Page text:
WARHAMMER: VERMINTIDE 2
Don your favorite magic armor for some sublime co-op smashing
Warhammer Vermintide: End
Times was a game about clonking millions of giant rats on the head, ideally with help from three friends. You run through gothic towns from the Warhammer universe, splatting hordes and fending off the odd boss monster until you reach the end, at which point you level up and unlock some new weapons and armor.
The sequel features more of the same glorious first-person violence, only this time the giant rat men have allied with an army of bodybuilders who have pledged allegiance to the evil Chaos gods. The new levels are more varied and exciting than the first game’s too. You fight through miserable overrun towns, stone-hewn cities, and even the occasional sunny forest on a bloody trip across the Old World.
The moment-to-moment action has splendid heft, whether you’re blunderbussing enemies or igniting them with a fireball staff. There are five heroes to choose from, and each has three sub-classes that you slowly unlock as you level up. The dwarf can be a tank, a ranged specialist or, best of all, a half-naked ‘slayer’ with devastating damage output. The wood elf Kerillian can be a long-range bow specialist or a stealthy character who strikes effectively from behind. Alternatively you can run with a fire wizard, a knight, or a sneery witch hunter with two pistols.
As you keep leveling and opening chests, you furnish your characters with a wide range of weapons that significantly alter their function in battle. We particularly enjoy the fire wizard’s rapid-fire staff that bombards enemies with the ferocity of a Call Of
Duty submachine gun, but you might prefer Kruber’s huge two-handed hammers, or Kerillian’s dual blades. Between the subclasses and weapon options, you can specialize effectively. If you’re lacking a sniper to pick off special enemies at distance you can normally rummage through your loot to find a suitable tool.
Playing a role effectively is a big part of the fun of team play, especially when the game throws overwhelming forces at you. The hordes you face are marshalled by the level’s AI, which means you never quite know whether the next turn will reveal a rat army or a particularly nasty combination of special enemies, or all at once. Special enemies include tough Chaos spawn, who can pick you up and fling you repeatedly into the floor with a giant tentacle arm. Also look out for assassins—who can leap great distances and pin down a stray teammate—and sneaky rats with long hooks who like to drag you away from your pals and string you up in a corner.
If you do get overwhelmed by the enemy you enter a downed state, and have to wait on a teammate to come rescue you. If you can find the time in the middle of a melee, you can stave off this point with a hastily chugged health potion. These are in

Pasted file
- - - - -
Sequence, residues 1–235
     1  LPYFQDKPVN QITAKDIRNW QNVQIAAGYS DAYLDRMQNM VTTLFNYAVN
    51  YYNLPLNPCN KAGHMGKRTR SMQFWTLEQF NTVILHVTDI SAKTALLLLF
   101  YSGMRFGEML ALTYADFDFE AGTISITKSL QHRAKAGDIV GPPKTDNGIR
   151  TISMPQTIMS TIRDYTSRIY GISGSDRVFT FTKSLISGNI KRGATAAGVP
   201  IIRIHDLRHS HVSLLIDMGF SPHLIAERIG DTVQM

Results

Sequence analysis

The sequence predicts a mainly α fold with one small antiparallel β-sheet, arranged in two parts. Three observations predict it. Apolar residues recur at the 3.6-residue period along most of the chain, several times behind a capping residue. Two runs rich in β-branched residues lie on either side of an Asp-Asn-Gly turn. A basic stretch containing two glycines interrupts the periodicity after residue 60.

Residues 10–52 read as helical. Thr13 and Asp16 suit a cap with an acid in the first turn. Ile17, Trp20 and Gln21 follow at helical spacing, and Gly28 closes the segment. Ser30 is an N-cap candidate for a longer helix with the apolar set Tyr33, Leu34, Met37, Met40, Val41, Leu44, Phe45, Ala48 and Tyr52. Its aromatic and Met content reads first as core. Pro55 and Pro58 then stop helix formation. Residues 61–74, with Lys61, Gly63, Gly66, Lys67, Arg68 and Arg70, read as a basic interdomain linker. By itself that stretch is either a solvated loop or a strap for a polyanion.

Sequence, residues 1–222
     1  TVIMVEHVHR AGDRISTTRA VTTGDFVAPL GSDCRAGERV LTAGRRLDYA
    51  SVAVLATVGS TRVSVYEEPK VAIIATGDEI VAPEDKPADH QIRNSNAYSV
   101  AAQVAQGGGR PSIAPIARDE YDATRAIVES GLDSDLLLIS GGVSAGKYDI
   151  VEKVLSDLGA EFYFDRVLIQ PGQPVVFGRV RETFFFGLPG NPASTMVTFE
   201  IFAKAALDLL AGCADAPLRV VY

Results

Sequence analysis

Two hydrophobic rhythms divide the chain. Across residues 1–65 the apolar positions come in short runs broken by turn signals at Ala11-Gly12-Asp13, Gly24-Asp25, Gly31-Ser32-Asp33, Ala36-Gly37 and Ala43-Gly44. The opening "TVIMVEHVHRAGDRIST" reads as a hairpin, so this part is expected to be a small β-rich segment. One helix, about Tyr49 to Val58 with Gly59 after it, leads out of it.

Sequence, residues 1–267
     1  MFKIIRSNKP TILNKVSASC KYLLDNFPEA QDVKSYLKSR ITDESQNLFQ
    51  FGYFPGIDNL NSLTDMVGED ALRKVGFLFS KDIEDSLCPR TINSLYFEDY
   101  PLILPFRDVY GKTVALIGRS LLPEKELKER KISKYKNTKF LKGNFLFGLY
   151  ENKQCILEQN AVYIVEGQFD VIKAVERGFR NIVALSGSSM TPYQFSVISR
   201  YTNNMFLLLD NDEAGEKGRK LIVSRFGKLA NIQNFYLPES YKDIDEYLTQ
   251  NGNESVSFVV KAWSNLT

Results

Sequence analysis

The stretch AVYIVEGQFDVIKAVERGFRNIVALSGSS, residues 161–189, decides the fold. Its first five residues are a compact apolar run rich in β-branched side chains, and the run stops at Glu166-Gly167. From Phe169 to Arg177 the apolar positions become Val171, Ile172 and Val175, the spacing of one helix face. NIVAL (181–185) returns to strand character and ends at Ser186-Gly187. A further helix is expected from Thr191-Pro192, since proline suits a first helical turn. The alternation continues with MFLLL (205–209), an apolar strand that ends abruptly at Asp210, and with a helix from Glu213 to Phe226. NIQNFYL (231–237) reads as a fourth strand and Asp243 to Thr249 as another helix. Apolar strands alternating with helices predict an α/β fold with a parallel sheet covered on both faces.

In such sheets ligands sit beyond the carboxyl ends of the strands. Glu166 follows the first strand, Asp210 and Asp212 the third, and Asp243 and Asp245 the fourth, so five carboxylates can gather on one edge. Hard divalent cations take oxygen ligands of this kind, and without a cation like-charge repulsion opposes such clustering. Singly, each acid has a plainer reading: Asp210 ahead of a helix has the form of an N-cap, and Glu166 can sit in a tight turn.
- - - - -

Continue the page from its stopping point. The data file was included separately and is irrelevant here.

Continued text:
short supply, so you need to manage them carefully and keep an eye out for more as you explore the levels. You can also find bombs, strength, and speed potions, as well as a potion that fills up your special action bar. Each character has a special ability that recharges as you splat foes. Some are better than others. Kruber yells so loud enemies nearby are thrown back (useful), while the fire wizard just sets her feet on fire and leaves a fire trail where she walks (not useful, but cool).
Having a laugh
The Skaven rat men and the Chaos factions both have great personality, and Fatshark has done an excellent job of capturing Warhammer’s sense of humor. Vermintide owes a large debt to Left 4 Dead, but it’s rich with jokes, and features some of the best first-person melee combat in any game.
Only a few minor quibbles let it down. The enemy AI director can get a little too trigger happy, causing sudden difficulty spikes that can wipe out a low level party very quickly, and when your party wipes you have to start these sometimes lengthy levels again from the start.
Challenge is good, and you can’t win every time, but this particularly affects low level players who don’t have the loot or expertize to fairly compete. The developers are still tweaking and patching the game to give new players more early experience, along with extra treasure chests, to get over this hump. Once you reach level five, and you can start unlocking stat buffs for your characters, progress is smoother.
It’s worth noting that while you can play Vermintide 2 solo, it’s much better with friends and voice chat. If you’re a regular crew looking for a solid action game that doesn’t feel too grindy,
Vermintide 2 is a great choice. Even if the loot and levelling eventually get a little stale, blasting the head off a bloated Chaos marauder still feels immense. On a good run the game pushes your party to the brink of death while giving you just enough health potions and rest points to let you fight back and overcome. It feels awesome to stumble into the exit portal with three friends after an exhausting trial, laughing and covered head to toe in bits of rat.
“The new levels are more varied and exciting than the first game’s”
right Hordes feature many different types of enemy.
Left Some sections, like this Skaven lair, will always be full of rat creatures.